We wrote earlier this year about Guy Shahine, a development lead with Microsoft’s Online Services Division, who was working on Bing Offers Card-Linked, which electronically links a user’s credit card with discount deals featured on Bing Offers so that the user doesn’t have to pre-purchase a deal or carry easily misplaced coupons.
Today, Microsoft offered a few more details about Card-Linked (which is still in beta and available for now only in the Seattle area), including that it works with any deals you see on any Microsoft properties, including Skype, Outlook.com and Bing Apps.
Here’s how it works: When you sign up, you tell Card-Linked which credit or debit card you’d like the offers linked to. To redeem offers, you make an eligible purchase at the retailer, who will charge the full purchase amount to your card. Then within a few days, Card-Linked automatically processes the offer discount on your card.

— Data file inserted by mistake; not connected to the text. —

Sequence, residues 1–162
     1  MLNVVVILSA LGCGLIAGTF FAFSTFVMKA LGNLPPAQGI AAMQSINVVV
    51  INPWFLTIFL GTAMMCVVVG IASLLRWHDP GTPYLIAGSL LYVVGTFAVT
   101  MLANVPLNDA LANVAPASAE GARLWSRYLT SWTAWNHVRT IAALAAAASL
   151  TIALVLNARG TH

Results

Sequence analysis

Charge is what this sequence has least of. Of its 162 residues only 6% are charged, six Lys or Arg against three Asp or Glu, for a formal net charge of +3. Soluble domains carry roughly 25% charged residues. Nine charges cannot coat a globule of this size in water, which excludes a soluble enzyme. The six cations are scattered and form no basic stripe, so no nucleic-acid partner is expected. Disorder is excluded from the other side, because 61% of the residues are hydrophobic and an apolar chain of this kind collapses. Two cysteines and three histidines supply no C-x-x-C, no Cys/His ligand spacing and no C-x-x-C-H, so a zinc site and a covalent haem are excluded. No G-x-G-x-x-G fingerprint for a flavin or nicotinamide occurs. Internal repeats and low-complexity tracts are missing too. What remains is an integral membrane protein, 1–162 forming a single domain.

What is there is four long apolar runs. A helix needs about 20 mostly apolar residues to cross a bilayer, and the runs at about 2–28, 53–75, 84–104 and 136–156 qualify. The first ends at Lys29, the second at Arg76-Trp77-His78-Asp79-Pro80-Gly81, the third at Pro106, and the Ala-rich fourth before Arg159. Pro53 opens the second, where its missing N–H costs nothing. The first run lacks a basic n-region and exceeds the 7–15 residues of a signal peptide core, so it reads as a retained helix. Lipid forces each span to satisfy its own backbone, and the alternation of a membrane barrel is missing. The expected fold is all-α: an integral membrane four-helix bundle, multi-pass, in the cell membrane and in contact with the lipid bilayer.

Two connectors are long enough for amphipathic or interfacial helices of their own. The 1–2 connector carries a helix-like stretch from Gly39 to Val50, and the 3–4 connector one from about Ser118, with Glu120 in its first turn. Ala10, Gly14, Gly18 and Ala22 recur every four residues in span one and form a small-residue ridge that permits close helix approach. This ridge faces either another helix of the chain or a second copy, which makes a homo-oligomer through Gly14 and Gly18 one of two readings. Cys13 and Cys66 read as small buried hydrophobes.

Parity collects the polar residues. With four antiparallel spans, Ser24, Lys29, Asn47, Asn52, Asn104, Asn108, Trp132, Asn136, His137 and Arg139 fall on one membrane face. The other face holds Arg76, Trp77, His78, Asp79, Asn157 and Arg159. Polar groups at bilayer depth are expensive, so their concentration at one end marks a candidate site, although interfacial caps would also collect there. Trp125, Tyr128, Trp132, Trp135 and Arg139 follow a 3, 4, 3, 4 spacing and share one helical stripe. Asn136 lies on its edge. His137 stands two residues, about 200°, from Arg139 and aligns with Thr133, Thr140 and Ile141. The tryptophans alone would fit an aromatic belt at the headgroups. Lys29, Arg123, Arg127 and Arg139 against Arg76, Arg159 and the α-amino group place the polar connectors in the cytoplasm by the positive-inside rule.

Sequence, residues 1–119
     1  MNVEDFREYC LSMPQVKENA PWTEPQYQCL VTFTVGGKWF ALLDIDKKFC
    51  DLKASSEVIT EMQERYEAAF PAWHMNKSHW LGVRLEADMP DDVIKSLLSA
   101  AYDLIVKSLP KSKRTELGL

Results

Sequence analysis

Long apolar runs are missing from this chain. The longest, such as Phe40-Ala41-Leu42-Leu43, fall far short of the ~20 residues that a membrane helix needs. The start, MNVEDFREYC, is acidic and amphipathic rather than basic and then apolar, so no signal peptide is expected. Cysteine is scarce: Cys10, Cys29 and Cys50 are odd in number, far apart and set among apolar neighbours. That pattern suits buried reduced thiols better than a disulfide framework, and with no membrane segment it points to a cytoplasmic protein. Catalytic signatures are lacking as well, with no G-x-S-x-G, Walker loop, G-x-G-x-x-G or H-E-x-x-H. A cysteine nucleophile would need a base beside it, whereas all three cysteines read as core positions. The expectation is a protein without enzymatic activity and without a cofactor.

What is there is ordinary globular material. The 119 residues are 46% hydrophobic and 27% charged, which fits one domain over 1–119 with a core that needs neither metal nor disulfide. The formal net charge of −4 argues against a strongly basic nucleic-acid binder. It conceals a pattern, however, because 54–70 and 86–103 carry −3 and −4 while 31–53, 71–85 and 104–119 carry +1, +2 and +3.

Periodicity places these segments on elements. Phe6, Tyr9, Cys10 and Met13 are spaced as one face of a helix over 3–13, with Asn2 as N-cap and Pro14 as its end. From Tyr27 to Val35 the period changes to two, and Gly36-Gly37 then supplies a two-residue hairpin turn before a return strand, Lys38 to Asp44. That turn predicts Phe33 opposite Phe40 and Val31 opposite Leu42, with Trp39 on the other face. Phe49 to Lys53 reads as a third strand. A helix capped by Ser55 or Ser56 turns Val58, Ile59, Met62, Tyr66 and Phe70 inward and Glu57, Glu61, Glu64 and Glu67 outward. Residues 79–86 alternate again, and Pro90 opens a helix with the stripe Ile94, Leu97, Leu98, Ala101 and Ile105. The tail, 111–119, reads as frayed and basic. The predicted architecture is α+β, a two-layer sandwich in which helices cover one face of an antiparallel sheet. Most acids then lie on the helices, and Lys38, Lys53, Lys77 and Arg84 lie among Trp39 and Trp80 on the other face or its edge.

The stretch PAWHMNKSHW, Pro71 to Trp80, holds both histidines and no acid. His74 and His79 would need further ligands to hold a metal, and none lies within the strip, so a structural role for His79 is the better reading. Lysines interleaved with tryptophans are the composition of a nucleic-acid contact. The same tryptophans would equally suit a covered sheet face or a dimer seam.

“The real benefit over the Groupon model is that you don’t have to prepay and you don’t have to bring in a voucher,” said Erik Jorgensen, general manager of local advertising with Microsoft. “What’s good for the businesses (offering the deals) is they only pay when it gets redeemed.”
(The businesses pay Microsoft an ad fee at the time the transaction goes through.)
Related to this new model of doing discount deals, Microsoft, along with credit card companies, banks and other companies, announced that they’ve formed the CardLinx Association to establish interoperability standards and common business practices and to promote the card-linked offers model.
So far, members of this association include Bank of America, Discover, Deem, Facebook, First Data, Linkable Networks, LivingSocial, MasterCard, Affinity Solutions, CardSpring, Cardlytics and Microsoft.
Tom Burgess, CEO of Linkable Networks, a card-linked offers company, says this model is “disrupting daily deals and disrupting the left-behind coupon industry,” offering customers a quicker way of redeeming deals and businesses a way to digitally get their deals to consumers without having to buy new point-of-sales technology.
His company is working with a grocery chain to provide card-linked offers through the chain’s website, and another large retailer is testing the model.
“We’re going space by space,” he said.